Berlusconi’s Italy: miracle or illusion?
Residents of Naples, who had promised to demand that Silvio Berlusconi be declared a “saint straightaway” (Santo subito!”) if he managed to clear their streets of rotting garbage, will probably agree with Newsweek’s headline “Miracle in 100 Days” about the Italian prime minister’s first three months in office. Resolving the city’s garbage crisis was supposed to be his top priority and he has managed it, for the moment at least, while his other prime target — crime, especially involving illegal immigrants — has been tackled in a very visual way by deploying thousands of soldiers to the streets to help the police (see earlier blog “Italy sends in troops, but why?“).
But Newsweek’s latest article is a rare example of positive press abroad for the centre-right Italian leader, more accustomed to scathing editorials from the likes of The Economist questioning his fitness to lead and focusing on the conflict of interests of Italy’s richest man being premier.
Berlusconi’s government has seized on the article as proof that the 71-year-old media baron has “done what he promised”, according to his spokesman Paolo Bonaiuti, who was enjoying what he called the “funny embarrassed silence” of the centre-left opposition regarding the Newsweek piece. Politicians from the ruling People of Freedom party also pointed out that, in the Italian news media which often gives very high play to critical foreign coverage of the country, the U.S. weekly’s more positive angle merited only small articles deep inside the pages of the biggest-selling dailies like Corriere della Sera (which put it on page 11) or the more openly anti-Berlusconi La Repubblica (article also on page 11).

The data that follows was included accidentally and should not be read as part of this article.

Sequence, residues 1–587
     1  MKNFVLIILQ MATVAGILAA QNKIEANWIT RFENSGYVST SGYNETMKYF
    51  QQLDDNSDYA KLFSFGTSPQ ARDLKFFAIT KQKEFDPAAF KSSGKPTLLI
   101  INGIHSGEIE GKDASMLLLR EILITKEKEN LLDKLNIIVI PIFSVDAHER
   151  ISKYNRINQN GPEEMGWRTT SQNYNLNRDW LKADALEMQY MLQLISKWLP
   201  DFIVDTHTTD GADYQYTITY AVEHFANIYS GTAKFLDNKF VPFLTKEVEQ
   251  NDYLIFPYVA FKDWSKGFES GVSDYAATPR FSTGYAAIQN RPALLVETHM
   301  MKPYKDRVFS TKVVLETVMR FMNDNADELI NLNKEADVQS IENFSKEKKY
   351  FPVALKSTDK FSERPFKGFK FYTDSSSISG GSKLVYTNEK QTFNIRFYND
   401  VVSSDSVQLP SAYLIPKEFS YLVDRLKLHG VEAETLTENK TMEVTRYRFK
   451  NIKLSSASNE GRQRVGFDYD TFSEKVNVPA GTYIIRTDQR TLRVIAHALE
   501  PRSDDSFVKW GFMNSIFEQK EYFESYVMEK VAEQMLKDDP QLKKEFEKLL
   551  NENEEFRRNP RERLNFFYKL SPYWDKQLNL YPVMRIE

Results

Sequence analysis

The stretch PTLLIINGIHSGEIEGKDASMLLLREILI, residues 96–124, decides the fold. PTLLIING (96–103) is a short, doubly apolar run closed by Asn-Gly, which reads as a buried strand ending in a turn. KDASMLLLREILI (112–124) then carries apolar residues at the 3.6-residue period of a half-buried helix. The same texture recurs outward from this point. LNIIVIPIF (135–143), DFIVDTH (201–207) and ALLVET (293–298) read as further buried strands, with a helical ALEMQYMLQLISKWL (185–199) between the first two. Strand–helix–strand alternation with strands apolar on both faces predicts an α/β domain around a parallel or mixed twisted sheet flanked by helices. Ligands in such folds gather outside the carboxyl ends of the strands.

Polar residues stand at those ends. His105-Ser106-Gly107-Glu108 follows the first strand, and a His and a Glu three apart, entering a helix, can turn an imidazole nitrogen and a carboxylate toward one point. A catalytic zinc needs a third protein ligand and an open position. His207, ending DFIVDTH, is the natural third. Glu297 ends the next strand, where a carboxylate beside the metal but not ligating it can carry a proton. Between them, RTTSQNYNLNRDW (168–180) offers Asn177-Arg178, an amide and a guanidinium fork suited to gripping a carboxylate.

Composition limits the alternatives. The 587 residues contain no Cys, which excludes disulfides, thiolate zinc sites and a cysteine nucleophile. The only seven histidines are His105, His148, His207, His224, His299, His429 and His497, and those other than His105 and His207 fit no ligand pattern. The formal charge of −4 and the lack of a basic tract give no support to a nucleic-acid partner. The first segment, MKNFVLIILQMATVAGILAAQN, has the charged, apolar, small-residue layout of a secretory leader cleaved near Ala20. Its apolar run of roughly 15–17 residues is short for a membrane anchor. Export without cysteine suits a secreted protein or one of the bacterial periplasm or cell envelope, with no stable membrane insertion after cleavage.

“What would have happened if Newsweek had opened fire on the government?” asked Daniele Capezzone of Berlusconi’s own Forza Italia party, answering his own question by saying the mainstream press, often accused by the right of being biased, would have gleefully churned out “front-page pieces, reconstructions and recollections of the perennially ‘unfit’ Italy”. Il Giornale, a newspaper owned by Berlusconi’s brother, gave the Newsweek article more prominent coverage on its front page and in-depth coverage inside.
“The centre-right government has done in 100 days what the Prodi government would not have managed in 100 years,” said Forza Italia deputy Isabella Bertolini, referring to Berlusconi’s centre-left predecessor who was forced to resign earlier this year, his coalition in disarray.
Bertolini extended the complaint about the biased media to Italy’s biggest weekly magazine Famiglia Cristiana — distributed among the faithful at Catholic churches — which this week took a bold swipe at the Berlusconi government for ignoring the plight of the poor and ordinary Italian families, while cracking down on beggars and those who rummage among rubbish bins for scraps to sell. The magazine accused Berlusconi’s government of “playing toy soldiers” by deploying troops and warned there was “a risk of provoking a war between the poor”.
One former Prodi minister, Paolo Gentiloni, advised Berlusconi supporters to read the Newsweek article right to the bottom, where they would find references to “the deep social and economic malaise in the country”, he said. The Newsweek article, which does indeed end on a warning note about Italy’s low salaries, high taxes and public debt and the need for more growth, came out a day after Italy reported a contraction in the economy for the second quarter of the year, fuelling speculation that it is about to enter its third recession this decade.